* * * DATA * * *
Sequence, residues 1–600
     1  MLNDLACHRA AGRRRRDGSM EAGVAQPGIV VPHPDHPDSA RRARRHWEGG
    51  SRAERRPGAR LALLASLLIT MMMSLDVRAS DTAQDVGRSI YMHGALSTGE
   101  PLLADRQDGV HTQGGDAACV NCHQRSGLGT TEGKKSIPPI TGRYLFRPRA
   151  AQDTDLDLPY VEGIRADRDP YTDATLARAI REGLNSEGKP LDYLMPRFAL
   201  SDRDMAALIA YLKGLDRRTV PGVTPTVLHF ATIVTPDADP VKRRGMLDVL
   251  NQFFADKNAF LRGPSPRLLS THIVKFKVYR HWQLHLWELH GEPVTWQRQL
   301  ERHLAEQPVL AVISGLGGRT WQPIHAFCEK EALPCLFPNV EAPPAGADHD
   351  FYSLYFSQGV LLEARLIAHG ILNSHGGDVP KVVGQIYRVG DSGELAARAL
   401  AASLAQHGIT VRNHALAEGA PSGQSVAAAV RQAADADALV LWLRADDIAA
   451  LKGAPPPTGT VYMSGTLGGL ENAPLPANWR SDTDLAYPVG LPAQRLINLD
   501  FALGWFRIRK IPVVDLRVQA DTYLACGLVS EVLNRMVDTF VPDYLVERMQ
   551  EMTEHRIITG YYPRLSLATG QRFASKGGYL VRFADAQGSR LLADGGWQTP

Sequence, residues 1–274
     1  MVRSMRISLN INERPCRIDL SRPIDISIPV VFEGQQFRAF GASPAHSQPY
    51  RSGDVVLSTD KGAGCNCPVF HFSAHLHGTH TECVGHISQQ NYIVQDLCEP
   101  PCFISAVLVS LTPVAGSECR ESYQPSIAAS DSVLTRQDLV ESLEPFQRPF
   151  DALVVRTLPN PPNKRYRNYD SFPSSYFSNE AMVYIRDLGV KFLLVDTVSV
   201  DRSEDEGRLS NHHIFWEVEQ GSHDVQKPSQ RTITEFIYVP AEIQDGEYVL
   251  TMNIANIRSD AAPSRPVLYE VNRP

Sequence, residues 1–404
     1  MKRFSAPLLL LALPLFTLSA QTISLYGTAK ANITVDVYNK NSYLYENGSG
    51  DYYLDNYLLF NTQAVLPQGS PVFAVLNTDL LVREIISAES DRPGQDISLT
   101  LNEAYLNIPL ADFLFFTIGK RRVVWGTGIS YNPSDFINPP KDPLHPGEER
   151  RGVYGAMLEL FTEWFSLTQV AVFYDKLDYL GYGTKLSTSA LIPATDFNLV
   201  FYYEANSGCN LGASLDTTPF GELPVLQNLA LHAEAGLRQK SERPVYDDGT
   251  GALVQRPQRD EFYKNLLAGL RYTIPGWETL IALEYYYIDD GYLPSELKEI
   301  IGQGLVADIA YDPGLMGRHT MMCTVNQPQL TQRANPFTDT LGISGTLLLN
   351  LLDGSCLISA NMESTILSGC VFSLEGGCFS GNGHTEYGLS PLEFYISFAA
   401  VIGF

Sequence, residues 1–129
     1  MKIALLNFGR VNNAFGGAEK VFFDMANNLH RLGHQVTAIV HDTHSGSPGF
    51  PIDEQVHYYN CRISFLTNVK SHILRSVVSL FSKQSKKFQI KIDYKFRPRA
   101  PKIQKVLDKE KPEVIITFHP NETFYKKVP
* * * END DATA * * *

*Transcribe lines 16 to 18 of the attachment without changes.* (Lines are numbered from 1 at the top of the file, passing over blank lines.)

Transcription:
    51  RSGDVVLSTD KGAGCNCPVF HFSAHLHGTH TECVGHISQQ NYIVQDLCEP
   101  PCFISAVLVS LTPVAGSECR ESYQPSIAAS DSVLTRQDLV ESLEPFQRPF
   151  DALVVRTLPN PPNKRYRNYD SFPSSYFSNE AMVYIRDLGV KFLLVDTVSV